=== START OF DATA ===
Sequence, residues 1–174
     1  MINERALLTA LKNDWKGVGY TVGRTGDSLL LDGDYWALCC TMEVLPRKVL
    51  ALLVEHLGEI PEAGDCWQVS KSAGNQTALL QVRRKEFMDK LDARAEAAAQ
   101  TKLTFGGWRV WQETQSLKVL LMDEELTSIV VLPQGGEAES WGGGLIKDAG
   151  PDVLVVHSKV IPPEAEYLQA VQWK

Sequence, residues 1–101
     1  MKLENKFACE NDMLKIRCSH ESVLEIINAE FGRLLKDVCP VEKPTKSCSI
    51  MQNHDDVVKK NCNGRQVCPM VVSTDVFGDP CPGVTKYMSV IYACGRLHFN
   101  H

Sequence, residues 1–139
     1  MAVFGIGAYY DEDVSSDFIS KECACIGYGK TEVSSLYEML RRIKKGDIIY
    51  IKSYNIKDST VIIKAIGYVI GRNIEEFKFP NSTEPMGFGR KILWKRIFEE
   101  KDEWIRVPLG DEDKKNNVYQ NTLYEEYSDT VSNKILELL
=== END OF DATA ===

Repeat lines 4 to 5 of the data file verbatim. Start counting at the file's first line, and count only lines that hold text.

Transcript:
   101  TKLTFGGWRV WQETQSLKVL LMDEELTSIV VLPQGGEAES WGGGLIKDAG
   151  PDVLVVHSKV IPPEAEYLQA VQWK